Urgent review demanded after driving licence security flaws

Traffic in wing mirror Foreign drivers who would not normally be allowed to drive in the UK are obtaining licences

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"Disturbing" flaws in security in the issuing of UK driving licences to foreign nationals have been exposed by a BBC investigation.

Secret filming has uncovered how foreign drivers who would not normally be allowed to drive in the UK have obtained licences via agents in London who illegally exploit an arrangement the UK has with Hong Kong.

The Hong Kong government and the UK Driver and Vehicle Licensing Agency (DVLA) told the BBC they were investigating.

The DVLA said work was already under way to tighten the law on standards required for drivers who exchange foreign licences.

Labour MP Louise Ellman, who chairs the Commons Transport Select Committee, is calling for an urgent review.

"This is deeply disturbing. It means there are people driving on our roads who have not passed a UK driving test that is recognised by the UK authorities," said Ms Ellman.

"That means people's lives may be at risk and it is an extremely disturbing situation - it shouldn't be allowed to happen."

Nationals from India, Pakistan, Nigeria, Malaysia, the USA, Israel and China are among those the UK government does not permit to swap their foreign licences automatically into a full UK licence without a test.

Motorists from all countries are allowed to drive in the UK for a year before being required to take a driving test if they do not qualify for an immediate swap of their foreign licence.

'Very worried'

An investigation for BBC London's Inside Out programme revealed agents in the capital are arranging to swap foreign licences into UK ones via a Hong Kong licence, which the UK does accept automatically, to bypass the rules.

Driving licenses A BBC researcher's Indian licence was swapped by an agent into a full UK one

The BBC tracked down the original applications and found fraudulent details used as proof of address in Hong Kong and fake addresses scrawled on envelopes.

Hong Kong based lawyer Raymond Tse, who is experienced in civil, criminal litigation and transport issues, said: "My reaction is that the Hong Kong transport department has been used or manipulated.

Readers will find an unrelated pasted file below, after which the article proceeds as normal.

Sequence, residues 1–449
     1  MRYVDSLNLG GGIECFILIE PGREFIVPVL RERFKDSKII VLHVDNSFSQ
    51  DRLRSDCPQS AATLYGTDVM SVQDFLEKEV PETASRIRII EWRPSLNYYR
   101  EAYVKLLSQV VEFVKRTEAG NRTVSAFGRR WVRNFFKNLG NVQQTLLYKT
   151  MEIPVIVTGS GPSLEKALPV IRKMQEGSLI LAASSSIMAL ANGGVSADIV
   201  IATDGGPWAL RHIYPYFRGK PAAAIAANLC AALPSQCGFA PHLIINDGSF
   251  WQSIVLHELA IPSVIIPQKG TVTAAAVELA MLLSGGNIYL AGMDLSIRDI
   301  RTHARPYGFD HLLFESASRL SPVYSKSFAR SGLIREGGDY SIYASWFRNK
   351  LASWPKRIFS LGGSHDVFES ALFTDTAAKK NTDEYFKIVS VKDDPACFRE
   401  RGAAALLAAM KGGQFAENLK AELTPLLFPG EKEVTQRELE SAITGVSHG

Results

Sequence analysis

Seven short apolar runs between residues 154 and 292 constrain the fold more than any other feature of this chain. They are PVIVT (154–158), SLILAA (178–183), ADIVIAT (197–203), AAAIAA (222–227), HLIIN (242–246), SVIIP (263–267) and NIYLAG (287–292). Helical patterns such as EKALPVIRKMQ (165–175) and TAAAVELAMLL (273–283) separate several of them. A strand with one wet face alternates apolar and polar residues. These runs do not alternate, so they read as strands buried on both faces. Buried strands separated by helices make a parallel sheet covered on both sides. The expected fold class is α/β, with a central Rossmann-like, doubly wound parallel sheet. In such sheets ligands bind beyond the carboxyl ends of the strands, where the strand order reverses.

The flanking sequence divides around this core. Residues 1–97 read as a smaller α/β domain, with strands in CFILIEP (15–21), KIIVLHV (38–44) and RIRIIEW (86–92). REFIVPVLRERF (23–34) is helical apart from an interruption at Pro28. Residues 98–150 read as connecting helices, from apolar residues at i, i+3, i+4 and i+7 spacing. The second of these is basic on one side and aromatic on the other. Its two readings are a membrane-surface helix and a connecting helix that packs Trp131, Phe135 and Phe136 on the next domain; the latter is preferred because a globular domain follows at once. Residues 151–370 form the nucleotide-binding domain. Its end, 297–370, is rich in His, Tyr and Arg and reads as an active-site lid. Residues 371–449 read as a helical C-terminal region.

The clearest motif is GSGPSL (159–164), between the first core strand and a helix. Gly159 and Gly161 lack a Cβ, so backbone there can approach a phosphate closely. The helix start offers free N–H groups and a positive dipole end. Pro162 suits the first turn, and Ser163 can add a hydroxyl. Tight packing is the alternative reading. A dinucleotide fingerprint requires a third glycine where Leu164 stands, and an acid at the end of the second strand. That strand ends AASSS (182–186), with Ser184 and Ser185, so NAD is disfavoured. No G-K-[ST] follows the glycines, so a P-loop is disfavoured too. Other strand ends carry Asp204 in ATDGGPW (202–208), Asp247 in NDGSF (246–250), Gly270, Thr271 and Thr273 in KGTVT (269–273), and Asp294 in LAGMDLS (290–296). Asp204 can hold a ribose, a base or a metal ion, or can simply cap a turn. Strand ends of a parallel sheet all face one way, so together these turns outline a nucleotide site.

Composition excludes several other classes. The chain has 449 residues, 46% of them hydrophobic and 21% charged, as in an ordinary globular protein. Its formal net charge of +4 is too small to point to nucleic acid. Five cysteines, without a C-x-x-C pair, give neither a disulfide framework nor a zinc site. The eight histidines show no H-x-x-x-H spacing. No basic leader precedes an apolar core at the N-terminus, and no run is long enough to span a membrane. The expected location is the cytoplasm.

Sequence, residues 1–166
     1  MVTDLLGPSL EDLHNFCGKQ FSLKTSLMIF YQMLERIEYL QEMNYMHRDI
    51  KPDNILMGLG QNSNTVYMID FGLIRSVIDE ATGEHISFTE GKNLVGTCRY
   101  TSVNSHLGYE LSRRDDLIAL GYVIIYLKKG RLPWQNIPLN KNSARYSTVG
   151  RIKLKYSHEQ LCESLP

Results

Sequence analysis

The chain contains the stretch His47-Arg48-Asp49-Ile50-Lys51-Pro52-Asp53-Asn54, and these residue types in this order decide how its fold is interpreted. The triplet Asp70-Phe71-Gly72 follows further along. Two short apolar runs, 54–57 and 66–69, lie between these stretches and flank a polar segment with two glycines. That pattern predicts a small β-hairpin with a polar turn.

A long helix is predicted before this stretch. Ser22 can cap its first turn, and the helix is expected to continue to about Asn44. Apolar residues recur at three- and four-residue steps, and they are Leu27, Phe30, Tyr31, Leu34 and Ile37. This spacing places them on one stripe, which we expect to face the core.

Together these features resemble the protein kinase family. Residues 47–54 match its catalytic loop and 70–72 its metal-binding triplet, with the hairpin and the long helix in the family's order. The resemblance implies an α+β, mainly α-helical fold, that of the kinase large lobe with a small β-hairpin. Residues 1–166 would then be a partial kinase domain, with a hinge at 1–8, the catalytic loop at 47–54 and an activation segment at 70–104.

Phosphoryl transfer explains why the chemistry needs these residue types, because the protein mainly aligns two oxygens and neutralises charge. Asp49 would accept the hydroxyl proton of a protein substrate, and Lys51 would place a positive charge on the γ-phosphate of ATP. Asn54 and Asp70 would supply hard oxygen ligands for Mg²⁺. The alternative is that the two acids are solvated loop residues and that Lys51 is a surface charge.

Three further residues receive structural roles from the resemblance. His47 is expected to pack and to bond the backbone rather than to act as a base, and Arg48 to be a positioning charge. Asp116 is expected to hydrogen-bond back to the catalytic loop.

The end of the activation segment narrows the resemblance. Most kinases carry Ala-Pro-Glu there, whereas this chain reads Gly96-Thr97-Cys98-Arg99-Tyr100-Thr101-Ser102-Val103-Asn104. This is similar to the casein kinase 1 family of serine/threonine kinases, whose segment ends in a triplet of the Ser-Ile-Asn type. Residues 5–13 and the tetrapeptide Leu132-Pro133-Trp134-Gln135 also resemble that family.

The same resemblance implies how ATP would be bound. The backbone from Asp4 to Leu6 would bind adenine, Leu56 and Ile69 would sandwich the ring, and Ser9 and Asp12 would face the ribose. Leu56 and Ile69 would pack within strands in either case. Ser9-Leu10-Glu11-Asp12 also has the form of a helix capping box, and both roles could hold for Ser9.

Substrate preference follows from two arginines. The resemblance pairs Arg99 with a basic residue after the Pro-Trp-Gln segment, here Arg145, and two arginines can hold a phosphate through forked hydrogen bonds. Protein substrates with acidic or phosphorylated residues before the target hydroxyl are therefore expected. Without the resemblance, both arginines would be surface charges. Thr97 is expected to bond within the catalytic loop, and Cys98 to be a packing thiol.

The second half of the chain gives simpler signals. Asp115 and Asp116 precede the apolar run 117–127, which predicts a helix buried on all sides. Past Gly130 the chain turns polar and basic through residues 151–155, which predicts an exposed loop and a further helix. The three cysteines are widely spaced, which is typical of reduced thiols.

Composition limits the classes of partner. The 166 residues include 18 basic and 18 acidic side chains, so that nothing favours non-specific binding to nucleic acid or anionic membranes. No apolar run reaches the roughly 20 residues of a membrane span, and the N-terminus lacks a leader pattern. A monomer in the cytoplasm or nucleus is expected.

"If the driving licence in Hong Kong, which is not an identity, can be converted to such an important identity document in the UK then that makes me very worried."

An Indian researcher for the BBC, who was not able to drive here, handed over his passport and Indian driving licence to one of the agents in Edgware, North London.

Within several weeks, he had received a full UK licence from the DVLA that had originated from a fraudulent Hong Kong licence.

'Dubious purposes'

Since 2010, nearly 13,000 Hong Kong licences have been swapped for UK ones under a special exchange arrangement.

This represents the second highest number of UK driving licence swaps from any country in the world.

The DVLA said it was not clear how many driving licences had been affected as it did not keep records of where the drivers of Hong Kong licences, swapped into British ones, originally came from.

The UK driving licence has taken on more importance as an identity document and in addition to driving, can be used to take a domestic flight, open a bank account, prove age or gain credit.

Hong Kong The Hong Kong government said it would conduct an investigation into alleged cases

"It's very alarming, I'm stunned," said Prof Richard Aldrich, who has previously advised the UK government on international security.

"It's extraordinary that people can obtain a real driving licence via these unorthodox means. It's very troubling.

"It's almost certain some of these documents are being used for dubious purposes.

"We're talking people trafficking, drug trafficking and at the top of the list is terrorism.

"We recall the people who perpetrated 9/11 also had dubious driving licences."

A Hong Kong government spokesperson told the BBC: "We will conduct an investigation into alleged abuse cases.

"Depending on circumstances, these cases may also be referred to the police for consideration of appropriate enforcement action."

Asked whether the DVLA was doing enough to check licences, its director of corporate affairs Hugh Evans said: "We exchange some 30,000 licences in the UK each year and in all we've got some 44 million driver records and have some eight million licences issued annually.

"The DVLA does check licences, we work closely with the police."

The BBC will be handing over its evidence exposing the illegal trade in UK driving licences to the authorities in the UK and Hong Kong.

BBC One viewers in London can watch the full report on this investigation on Inside Out on Monday at 19:30 GMT.

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